Diagnosing iron deficiency in cereals

Iron deficiency is rare but can be a problem in high-rainfall areas on peaty or calcareous soils, or after heavy lime application on most soils.


Pale yellow, iron deficient leaves, most showing prominent green veins (right), compared with dark green healthy leaf (left)
Iron deficiency in wheat induced by heavy liming
Interveinal chlorosis on youngest  leaf.
Pale green to yellow plants

What to look for


  • Pale plants particularly in waterlogged or limed areas.


  • Youngest growth is affected first and most severely.
  • Symptoms begin with young leaves turning pale green or yellow.
  • Inter-veinal areas become yellow and in severely deficient plants the inter-veinal area turns almost white.
  • New growth remains yellow for some time before leaves start to die.
  • Old leaves remain pale green and apparently healthy.
  • Severely affected plants are stunted with thin spindly stems.

What else could it be

Condition Similarities Differences
Diagnosing sulphur deficiency in cereals Pale plants with pale new growth Sulphur deficient plants do not have interveinal chlorosis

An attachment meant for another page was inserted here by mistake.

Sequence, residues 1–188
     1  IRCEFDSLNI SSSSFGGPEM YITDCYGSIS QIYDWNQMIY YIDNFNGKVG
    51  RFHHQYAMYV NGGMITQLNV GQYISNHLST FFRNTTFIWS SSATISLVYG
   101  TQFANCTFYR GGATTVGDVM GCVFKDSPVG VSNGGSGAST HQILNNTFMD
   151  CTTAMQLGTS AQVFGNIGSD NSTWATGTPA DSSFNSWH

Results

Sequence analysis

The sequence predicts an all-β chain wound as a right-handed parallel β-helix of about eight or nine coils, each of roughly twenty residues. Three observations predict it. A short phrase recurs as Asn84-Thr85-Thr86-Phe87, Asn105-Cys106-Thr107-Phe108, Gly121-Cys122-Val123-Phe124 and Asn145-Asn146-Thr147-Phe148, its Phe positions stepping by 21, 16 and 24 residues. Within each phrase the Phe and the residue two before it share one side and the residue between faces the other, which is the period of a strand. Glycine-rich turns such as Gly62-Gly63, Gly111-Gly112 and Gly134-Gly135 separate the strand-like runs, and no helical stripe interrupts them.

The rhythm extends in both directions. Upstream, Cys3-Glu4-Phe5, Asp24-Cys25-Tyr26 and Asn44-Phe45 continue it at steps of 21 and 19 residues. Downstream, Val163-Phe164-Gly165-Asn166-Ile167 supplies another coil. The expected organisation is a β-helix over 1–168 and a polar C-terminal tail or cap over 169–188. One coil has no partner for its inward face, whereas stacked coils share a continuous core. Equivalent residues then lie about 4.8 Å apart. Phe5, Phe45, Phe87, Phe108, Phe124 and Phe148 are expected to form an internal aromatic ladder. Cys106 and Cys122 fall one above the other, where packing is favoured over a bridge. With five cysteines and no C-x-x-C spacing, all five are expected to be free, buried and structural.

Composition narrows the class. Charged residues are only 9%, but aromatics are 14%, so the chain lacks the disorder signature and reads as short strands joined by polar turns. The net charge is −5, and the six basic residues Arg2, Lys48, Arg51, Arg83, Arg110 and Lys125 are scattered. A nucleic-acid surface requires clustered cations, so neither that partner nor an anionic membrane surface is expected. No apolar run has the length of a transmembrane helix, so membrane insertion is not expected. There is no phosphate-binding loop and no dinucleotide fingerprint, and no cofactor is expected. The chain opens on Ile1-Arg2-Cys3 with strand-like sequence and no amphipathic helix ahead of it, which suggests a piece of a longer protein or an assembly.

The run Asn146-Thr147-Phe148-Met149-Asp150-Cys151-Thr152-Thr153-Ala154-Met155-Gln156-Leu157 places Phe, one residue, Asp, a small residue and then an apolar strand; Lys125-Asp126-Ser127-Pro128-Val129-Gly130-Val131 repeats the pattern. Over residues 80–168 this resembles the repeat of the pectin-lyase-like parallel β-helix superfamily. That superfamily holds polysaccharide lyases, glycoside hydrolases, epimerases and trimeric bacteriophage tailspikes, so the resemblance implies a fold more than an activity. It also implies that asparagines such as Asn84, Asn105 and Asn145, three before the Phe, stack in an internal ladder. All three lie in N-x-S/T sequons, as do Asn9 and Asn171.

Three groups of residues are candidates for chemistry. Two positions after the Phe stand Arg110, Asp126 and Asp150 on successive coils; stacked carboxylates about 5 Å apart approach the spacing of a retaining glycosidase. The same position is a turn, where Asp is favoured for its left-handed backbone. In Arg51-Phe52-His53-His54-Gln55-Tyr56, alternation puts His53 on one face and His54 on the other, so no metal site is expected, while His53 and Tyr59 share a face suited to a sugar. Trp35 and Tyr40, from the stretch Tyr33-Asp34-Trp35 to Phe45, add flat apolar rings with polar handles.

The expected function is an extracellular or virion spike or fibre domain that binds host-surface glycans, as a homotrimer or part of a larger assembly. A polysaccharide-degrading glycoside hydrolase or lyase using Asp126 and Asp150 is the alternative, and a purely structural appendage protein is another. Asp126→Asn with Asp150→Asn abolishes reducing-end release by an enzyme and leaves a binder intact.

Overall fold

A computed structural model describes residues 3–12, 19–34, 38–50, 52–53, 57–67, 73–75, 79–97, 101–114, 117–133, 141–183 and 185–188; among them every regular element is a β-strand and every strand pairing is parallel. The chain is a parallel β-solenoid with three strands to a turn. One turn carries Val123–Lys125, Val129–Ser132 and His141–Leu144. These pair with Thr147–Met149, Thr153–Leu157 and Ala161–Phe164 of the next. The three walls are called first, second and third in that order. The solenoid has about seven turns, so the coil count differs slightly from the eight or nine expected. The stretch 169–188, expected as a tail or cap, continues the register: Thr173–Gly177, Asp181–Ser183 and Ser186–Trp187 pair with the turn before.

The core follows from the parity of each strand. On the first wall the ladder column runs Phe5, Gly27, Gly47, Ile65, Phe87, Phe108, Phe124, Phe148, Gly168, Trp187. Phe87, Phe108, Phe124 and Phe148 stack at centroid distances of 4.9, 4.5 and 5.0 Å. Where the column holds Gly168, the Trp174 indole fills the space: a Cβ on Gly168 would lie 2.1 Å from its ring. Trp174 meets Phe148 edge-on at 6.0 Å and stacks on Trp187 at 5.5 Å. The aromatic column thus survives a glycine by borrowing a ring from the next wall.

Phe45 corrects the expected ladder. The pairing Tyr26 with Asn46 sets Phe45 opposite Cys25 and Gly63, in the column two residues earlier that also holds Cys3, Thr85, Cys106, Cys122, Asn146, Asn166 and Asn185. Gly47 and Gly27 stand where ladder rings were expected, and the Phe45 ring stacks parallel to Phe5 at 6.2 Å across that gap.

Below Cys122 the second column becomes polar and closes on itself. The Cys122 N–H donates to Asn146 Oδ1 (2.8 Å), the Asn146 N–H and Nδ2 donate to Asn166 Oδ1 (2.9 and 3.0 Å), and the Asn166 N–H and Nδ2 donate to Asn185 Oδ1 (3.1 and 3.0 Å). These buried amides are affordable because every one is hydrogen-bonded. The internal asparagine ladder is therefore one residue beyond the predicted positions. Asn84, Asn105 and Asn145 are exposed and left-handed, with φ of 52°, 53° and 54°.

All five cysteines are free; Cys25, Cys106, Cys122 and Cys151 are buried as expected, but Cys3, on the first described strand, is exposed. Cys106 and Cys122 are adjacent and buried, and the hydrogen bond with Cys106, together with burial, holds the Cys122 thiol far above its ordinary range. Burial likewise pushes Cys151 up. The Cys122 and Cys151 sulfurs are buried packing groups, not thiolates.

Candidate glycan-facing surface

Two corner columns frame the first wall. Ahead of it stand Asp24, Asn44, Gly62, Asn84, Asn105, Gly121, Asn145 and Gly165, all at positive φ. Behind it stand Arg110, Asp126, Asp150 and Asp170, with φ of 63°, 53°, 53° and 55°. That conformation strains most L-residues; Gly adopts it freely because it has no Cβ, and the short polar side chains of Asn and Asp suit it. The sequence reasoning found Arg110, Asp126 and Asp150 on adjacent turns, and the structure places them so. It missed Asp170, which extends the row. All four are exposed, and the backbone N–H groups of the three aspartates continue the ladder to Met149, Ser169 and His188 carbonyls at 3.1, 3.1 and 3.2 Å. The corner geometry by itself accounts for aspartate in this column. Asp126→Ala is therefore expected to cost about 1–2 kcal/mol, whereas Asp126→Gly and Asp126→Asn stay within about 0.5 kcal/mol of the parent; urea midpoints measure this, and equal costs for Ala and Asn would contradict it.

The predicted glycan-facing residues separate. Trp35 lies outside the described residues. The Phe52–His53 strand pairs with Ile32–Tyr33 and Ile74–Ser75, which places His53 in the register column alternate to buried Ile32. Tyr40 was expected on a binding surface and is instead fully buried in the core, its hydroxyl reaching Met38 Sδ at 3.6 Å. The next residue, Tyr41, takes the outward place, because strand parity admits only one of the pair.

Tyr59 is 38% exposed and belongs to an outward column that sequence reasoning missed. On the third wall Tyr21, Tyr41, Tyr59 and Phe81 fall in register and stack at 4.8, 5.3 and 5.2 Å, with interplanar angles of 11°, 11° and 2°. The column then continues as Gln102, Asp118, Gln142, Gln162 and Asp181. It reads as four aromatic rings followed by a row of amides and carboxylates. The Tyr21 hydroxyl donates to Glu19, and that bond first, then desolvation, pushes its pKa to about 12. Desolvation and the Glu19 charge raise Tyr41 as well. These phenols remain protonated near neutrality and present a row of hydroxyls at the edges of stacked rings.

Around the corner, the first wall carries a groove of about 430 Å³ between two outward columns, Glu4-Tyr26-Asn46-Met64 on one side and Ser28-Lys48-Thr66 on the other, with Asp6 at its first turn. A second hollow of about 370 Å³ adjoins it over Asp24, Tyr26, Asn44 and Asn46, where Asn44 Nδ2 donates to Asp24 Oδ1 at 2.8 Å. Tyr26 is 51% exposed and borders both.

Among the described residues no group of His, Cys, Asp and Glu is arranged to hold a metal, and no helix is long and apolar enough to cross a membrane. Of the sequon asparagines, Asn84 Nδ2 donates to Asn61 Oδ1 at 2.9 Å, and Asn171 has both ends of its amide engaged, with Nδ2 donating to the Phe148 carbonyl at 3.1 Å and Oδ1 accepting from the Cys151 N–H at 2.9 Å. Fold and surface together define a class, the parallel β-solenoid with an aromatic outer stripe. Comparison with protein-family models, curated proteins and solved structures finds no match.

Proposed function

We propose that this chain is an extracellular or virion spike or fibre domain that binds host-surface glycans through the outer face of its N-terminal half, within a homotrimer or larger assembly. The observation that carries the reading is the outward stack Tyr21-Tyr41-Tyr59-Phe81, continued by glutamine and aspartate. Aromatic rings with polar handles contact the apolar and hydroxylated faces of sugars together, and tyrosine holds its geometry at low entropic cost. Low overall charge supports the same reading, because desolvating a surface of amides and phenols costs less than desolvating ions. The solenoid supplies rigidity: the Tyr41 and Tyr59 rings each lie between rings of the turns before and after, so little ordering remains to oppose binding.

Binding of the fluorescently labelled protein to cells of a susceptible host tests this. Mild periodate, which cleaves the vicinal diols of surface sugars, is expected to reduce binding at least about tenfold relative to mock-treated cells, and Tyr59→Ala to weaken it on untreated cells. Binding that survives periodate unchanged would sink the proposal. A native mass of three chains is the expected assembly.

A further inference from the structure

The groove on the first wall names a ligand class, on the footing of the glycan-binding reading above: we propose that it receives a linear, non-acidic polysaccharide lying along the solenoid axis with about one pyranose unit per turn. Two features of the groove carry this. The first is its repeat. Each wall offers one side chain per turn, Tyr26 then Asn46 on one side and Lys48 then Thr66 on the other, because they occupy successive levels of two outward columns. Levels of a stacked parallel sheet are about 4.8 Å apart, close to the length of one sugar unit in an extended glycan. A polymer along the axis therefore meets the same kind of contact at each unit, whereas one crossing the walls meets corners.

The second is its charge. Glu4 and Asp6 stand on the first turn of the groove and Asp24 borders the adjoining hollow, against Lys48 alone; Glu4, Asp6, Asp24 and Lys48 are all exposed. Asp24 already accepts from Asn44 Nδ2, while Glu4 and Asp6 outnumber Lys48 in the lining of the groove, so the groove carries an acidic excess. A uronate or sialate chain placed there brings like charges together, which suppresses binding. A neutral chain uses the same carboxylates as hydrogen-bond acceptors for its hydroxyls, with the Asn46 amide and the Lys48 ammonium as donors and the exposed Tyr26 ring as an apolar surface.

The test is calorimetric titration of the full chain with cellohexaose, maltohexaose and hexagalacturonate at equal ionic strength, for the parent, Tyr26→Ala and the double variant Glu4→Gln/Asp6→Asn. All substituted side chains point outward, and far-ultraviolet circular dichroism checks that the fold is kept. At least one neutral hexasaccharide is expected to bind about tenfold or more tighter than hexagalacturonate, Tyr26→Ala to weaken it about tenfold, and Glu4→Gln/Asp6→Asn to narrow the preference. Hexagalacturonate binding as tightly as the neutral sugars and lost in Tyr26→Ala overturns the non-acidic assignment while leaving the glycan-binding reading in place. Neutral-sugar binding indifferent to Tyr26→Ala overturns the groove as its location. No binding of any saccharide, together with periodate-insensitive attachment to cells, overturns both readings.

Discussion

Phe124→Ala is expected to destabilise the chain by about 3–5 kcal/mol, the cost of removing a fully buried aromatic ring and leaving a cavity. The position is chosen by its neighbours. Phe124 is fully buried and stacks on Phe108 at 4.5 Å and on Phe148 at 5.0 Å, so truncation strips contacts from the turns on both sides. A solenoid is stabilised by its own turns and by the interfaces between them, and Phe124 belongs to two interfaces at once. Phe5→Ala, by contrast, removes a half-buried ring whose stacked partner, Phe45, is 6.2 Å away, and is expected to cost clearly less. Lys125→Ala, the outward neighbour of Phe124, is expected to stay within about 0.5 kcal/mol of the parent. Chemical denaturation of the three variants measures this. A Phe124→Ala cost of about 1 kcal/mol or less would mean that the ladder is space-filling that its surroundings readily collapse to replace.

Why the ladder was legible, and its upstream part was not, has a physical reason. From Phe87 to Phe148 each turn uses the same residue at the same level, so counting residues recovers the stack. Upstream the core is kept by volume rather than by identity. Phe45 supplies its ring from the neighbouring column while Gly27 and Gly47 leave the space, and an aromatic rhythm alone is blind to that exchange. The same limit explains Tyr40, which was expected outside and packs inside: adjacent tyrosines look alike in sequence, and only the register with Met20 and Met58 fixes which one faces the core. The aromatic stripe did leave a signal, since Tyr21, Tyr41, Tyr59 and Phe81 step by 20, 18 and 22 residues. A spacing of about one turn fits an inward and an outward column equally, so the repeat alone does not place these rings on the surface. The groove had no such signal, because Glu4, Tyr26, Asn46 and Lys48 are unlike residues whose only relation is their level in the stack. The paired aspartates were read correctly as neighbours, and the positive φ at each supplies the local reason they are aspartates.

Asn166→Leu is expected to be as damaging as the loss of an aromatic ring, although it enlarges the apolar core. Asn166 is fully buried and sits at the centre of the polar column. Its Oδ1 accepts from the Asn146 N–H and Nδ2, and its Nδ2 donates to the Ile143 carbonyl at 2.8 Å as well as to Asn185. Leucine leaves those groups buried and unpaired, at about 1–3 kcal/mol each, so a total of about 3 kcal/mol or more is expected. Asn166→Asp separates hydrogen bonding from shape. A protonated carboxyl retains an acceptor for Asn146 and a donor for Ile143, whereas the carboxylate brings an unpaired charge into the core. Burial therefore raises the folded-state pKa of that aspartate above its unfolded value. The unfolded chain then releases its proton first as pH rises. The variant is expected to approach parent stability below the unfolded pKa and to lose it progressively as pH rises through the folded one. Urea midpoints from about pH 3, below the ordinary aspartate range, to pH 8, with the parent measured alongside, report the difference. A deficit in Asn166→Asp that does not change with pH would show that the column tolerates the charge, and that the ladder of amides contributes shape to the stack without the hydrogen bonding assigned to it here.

Diagnosing group B herbicide damage in cereals Pale seedlings with interveinal chlorosis on new leaves Herbicide damaged plants generally recover and are not restricted to waterlogged areas
Waterlogging, nitrogen, molybdenum and manganese deficiency
Pale growth However middle or older leaves are affected first

Where does it occur?

Wet conditions
Wet conditions
  • Iron deficiency can occur in highly calcareous or limed soils, particularly in cold and wet conditions.
  • Symptoms on heavily limed paddocks are transient and restricted to the season in which the lime has been applied.

Management strategies

Spraying foliar
Spraying foliar
  • No yield responses to iron to justify soil application.
  • Where symptoms occur, particularly in cold and wet conditions, they are frequently eliminated by increased soil and air temperatures.
  • Foliar sprays will remove the symptoms where they occur in highly calcareous or limed soils.

How can it be monitored?

Tissue test
Tissue test
  • Use whole-tops for plant testing and compare iron level between affected and unaffected plants.
  • The critical concentration for youngest emerged blade and whole shoot hasn't been determined for Australian grown cereals. However greater than 50 milligrams per kilogram (mg/kg) at the boot stage appears to be adequate for growth.

Further information

Where to go for expert help

Craig Scanlan
+61 (0)8 9690 2174
DDLS Seed Testing and Certification
+61 (0)8 9368 3721
Page last updated: Wednesday, 6 May 2015 - 3:16pm